Injection molding is a fast, automated, versatile process that can produce precise, complex three–dimensional parts from a fraction of a gram to more than a hundred kilograms, in virtually any plastic material. The process starts with feeding small plastic beads into a heated screw and barrel system that melts the plastic into a high–viscosity liquid. The screw then forces the molten plastic into a closed mold that provides the shape, cooling and solidification, and finally ejects the part.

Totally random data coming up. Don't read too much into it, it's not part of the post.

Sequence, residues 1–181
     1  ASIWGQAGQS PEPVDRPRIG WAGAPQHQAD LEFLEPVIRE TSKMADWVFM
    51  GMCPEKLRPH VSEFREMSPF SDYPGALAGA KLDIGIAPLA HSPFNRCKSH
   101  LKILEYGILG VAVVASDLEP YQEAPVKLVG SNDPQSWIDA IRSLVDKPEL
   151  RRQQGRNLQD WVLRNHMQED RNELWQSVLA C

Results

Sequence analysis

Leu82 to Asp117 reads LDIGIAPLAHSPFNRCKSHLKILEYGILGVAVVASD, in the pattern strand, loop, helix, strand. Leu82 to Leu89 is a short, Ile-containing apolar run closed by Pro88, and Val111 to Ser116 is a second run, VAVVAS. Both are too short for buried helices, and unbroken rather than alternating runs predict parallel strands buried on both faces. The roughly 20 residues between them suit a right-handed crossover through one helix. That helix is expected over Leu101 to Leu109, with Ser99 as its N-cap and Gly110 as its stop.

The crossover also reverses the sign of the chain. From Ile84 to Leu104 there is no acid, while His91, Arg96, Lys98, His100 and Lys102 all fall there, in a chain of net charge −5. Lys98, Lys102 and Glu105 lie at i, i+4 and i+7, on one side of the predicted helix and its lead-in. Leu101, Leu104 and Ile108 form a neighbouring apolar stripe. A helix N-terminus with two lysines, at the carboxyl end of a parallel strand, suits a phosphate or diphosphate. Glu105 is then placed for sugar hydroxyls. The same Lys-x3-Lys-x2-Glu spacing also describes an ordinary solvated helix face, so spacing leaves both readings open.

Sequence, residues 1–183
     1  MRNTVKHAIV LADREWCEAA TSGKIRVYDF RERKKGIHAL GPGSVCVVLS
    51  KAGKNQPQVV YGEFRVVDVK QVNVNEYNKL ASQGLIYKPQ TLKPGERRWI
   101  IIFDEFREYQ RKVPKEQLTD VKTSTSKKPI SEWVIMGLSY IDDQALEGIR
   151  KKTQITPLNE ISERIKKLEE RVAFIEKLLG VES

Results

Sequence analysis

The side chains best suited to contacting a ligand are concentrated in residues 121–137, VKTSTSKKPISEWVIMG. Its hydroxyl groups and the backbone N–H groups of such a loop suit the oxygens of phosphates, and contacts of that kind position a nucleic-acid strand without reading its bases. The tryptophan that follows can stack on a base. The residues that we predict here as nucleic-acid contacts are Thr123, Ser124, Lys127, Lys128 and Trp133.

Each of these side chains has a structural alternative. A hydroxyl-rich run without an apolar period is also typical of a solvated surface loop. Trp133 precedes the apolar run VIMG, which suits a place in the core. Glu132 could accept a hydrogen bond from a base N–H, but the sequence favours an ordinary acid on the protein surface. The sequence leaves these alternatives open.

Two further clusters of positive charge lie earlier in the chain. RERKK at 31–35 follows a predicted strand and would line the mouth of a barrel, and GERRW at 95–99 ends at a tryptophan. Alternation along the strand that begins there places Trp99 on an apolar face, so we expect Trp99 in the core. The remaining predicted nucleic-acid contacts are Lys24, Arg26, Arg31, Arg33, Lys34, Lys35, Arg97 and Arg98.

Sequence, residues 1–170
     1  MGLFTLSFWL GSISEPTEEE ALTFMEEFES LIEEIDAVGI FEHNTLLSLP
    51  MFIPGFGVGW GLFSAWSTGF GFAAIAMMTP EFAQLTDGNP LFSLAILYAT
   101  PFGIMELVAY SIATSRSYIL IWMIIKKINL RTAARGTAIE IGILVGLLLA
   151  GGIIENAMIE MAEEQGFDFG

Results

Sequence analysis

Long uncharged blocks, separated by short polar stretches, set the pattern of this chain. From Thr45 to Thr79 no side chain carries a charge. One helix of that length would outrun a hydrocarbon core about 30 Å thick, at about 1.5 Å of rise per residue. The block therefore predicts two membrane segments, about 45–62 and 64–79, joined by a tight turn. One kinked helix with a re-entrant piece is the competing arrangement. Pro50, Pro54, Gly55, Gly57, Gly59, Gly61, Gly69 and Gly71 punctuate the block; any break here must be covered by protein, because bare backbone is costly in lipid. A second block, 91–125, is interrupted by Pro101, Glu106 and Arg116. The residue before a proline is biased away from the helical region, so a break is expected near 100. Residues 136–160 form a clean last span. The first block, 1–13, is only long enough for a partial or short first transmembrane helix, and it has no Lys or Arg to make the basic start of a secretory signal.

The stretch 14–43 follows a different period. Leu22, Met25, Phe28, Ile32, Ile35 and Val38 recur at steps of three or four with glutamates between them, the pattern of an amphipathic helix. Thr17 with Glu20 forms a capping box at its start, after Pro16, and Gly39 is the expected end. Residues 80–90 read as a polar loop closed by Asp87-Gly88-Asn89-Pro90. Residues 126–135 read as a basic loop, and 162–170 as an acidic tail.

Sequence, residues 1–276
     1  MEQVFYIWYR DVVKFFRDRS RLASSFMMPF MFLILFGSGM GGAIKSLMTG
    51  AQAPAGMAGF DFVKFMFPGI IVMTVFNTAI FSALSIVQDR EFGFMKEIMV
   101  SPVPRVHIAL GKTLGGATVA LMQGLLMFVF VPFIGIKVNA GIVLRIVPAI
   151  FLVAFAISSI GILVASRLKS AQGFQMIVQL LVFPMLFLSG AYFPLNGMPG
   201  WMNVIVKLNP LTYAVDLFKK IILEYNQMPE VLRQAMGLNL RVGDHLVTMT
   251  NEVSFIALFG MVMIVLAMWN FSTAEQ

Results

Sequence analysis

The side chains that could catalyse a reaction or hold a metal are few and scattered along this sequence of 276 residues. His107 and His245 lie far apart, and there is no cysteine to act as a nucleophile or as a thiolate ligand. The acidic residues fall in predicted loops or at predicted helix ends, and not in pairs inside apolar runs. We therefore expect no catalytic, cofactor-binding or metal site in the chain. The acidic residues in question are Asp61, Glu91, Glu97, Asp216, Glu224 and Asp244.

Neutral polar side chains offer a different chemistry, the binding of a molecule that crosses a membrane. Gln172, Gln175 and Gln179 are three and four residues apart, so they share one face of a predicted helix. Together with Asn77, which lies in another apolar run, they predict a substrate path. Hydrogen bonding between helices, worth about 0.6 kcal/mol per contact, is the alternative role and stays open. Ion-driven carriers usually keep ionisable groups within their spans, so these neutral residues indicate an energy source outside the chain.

Injection molding is fast and can be economical. But because every part needs its own costly injection molding tool, the process is economically viable only for mass production, usually more than 10,000 parts. Injection molding tools take weeks or months to build. Often, design mistakes become apparent, requiring time–consuming mold corrections. Multiple iterations may go from the producer to the tool builder until the final part design and quality are achieved, increasing costs and product time to market.